Financing Capacity and Aid Effectiveness
Updated at: 12/31/2011 11:38:13 AM

The issue of climate change is gaining increasing attention worldwide, and leading to the establishment of a range of funds, including the Climate Change Investment Fund, the Adaptation Fund, the Forestry Carbon Partnership Fund, and the Green Climate Fund. According to UNFCCC, the Adaptation Fund will need $171 billion from now until 2030 of that $66 billion is for developing countries.

Overview of the workshop (Photographer: Mr Hoang Thang)

On October 26 - 27 2011, SRD held a workshop on Aid Effectiveness for Climate Change Financing at V Resort in Hoa Binh province, in order to address existing problems in delivering aid programs, and develop the financing capacity for climate change and aid effectiveness. Attending the workshop was Maria Theresa-Lauron from Reality of Aid, representatives of government offices and local Civil Society Organizations (CSOs) of Vietnam.

At the beginning of the workshop Mrs. Vu Thi Bich Hop, Executive Director of SRD, stressed the urgency of improving the role and capacity of CSOs as we head towards the upcoming 4th High Level Forum on Aid Effectiveness in Busan, Korea and the COP 17 in Durban, South Africa, both held in December this year. She also stated that while climate financing is a large-scale, worldwide concern, the issue of importance for CSOs was the effectiveness of development and increasing our capacity in approaching climate change funds Fund.

At the beginning of the workshop, Mrs. Maria Theresa mentioned the current red-hot issues that CSOs need to pay attention to. She then presented a comprehensive research project on financing for climatic change and pointed out the five basic rules of climate change financing (1) adequate compensation, (2) democratic administration, (3) human rights based, (4) nationally oriented and democratic ownership, and (5) climate action is an important part of common development. She also commented on the importance of establishing a "firewall" between Official Development Assistance (ODA) and climate change financing. The "firewall" will distinguish between ODA and climate change financing, and the difference in the purpose of the financing. ODA is used to promote sustainable development and eradicate poverty while climate change financing is used to pay for climate actions, including mitigation and adaptation. There may be a risk that the financing would be used for wrong purpose without the "firewall".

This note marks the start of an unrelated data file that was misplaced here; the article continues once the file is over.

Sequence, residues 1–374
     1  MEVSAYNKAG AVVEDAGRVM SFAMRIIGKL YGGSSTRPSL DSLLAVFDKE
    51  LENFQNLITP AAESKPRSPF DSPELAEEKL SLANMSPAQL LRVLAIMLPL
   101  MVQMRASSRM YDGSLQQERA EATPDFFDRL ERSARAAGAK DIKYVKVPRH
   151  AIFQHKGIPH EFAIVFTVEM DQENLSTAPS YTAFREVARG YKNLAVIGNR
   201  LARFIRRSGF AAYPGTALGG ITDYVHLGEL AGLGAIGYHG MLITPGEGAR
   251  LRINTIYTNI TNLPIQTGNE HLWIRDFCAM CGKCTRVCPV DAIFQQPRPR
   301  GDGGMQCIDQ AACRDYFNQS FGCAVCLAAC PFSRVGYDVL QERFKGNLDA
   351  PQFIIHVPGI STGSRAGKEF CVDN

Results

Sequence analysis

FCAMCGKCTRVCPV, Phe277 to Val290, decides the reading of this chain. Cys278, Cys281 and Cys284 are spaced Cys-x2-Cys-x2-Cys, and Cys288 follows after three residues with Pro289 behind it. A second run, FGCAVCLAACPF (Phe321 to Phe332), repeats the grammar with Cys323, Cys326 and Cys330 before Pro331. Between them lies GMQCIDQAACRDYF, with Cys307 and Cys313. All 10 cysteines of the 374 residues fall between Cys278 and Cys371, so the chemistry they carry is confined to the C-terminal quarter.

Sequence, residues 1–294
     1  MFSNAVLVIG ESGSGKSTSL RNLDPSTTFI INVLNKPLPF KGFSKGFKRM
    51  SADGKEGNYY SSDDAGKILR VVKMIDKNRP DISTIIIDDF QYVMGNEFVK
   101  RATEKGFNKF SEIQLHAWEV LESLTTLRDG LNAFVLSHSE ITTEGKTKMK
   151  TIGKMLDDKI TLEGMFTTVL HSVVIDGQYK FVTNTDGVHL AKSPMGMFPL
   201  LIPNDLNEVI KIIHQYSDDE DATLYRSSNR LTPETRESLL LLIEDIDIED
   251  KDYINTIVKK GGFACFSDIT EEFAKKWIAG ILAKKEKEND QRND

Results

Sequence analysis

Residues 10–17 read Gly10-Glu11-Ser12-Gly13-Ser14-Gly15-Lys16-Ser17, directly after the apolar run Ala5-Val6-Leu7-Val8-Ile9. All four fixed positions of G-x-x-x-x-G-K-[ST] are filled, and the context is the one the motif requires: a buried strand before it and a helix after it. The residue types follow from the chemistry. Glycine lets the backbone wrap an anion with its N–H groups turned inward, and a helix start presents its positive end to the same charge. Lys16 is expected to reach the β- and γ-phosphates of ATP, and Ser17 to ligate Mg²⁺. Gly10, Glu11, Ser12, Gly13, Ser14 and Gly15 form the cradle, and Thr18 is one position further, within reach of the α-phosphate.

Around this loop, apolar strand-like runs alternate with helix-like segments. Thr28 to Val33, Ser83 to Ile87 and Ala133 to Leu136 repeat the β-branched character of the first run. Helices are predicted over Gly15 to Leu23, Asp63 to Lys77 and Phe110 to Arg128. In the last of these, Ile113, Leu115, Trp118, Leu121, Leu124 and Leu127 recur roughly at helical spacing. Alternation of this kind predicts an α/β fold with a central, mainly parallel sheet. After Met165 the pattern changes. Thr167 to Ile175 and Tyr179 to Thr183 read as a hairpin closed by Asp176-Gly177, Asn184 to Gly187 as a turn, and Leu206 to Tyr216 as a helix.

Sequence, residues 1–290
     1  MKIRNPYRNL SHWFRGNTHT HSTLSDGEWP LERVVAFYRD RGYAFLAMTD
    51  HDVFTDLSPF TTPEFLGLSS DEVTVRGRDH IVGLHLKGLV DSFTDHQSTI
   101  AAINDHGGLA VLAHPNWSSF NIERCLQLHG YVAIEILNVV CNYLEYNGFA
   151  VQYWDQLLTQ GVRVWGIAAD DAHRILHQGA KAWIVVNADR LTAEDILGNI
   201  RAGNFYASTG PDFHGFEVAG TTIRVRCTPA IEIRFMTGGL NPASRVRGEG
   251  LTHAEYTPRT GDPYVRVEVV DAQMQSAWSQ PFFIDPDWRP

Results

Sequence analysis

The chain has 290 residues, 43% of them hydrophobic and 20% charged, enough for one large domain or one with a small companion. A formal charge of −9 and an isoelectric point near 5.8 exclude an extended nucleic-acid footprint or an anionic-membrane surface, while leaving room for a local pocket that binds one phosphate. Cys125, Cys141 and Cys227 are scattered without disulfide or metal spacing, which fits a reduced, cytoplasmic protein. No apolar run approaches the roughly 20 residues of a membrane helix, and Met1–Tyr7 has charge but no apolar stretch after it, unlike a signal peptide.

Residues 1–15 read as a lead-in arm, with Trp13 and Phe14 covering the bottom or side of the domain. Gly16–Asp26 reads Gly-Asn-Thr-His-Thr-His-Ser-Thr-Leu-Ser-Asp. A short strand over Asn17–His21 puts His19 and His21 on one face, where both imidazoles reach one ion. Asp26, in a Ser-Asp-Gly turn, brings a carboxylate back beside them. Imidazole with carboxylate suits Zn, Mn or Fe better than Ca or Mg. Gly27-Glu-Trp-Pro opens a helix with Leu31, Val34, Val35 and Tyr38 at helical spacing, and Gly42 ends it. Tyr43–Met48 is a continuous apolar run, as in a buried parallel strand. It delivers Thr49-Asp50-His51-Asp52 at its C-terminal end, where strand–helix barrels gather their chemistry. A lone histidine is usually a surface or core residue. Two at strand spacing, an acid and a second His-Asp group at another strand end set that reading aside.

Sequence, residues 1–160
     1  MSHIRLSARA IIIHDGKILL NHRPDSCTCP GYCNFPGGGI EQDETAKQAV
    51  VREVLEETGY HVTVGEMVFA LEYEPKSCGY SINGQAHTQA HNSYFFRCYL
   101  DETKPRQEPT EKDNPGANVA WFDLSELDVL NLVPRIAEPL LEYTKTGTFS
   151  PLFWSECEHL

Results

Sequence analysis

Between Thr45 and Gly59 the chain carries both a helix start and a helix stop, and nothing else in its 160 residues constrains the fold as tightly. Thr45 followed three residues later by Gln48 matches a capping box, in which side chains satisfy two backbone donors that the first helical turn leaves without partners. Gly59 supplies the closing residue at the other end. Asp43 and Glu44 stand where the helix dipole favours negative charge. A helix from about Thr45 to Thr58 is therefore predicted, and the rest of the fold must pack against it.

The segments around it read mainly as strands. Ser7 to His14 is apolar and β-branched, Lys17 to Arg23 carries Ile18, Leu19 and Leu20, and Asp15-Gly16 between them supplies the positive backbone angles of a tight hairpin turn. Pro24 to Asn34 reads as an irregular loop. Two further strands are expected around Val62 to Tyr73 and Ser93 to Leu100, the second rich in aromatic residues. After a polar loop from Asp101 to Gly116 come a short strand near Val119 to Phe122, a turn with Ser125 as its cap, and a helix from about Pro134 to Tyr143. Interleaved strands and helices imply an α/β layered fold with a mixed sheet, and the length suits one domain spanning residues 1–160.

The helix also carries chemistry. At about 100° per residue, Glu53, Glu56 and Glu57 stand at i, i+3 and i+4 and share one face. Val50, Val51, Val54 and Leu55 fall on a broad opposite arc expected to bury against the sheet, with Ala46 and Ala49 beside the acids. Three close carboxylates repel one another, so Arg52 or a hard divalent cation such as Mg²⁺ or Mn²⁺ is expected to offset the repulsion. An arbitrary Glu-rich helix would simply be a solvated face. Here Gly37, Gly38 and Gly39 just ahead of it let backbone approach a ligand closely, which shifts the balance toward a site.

Representatives of governmental offices working the field of climate change also presented on climate change impacts in Vietnam, current international support for our climate change response, financing and current financial mechanisms for international support through the Support Program to Respond to Climate Change (SP-RCC). These issues were the key concerns for CSOs. The representative of the Program Coordination Board of the Ministry of Natural Resources and Environment (MONRE) stated that the difference between SP-RCC and other programs is that SP-RCC is a typical program where the fund is mixed with the national budget and managed under the current Vietnamese law whereas the financial mechanism is ratified by the Prime Minister. At the moment, MONRE is drafting the "Climate Change Response Strategy" and the "National Action Plan", which will be submitted to the Prime Minister. The Ministry of Planning and Investment (MPI) is also building a "Green Growth Strategy". These legal frameworks provide proper direction to stakeholders in developing their response to climate change.

At the workshop, financial issues and aid effectiveness were also discussed by CSOs and representatives from governmental offices, including MOF, MONRE and the Research Institute. Local CSOs from Phu Tho, Nam Dinh and Thanh Hoa provinces also had discussions to share their local experiences. A group discussion was also held to share the difficulties that local CSOs face, including lack of relevant information and CSOs being undervalued, and possible solutions were explored. After two-hardworking days, most of the unresolved issues had been shared and discussed in detail, and possible solutions explored, in order to move forward with further developing climate change financing capacity and aid effectiveness.

(SOURCE: Translated from, article by Ms Hong Minh)

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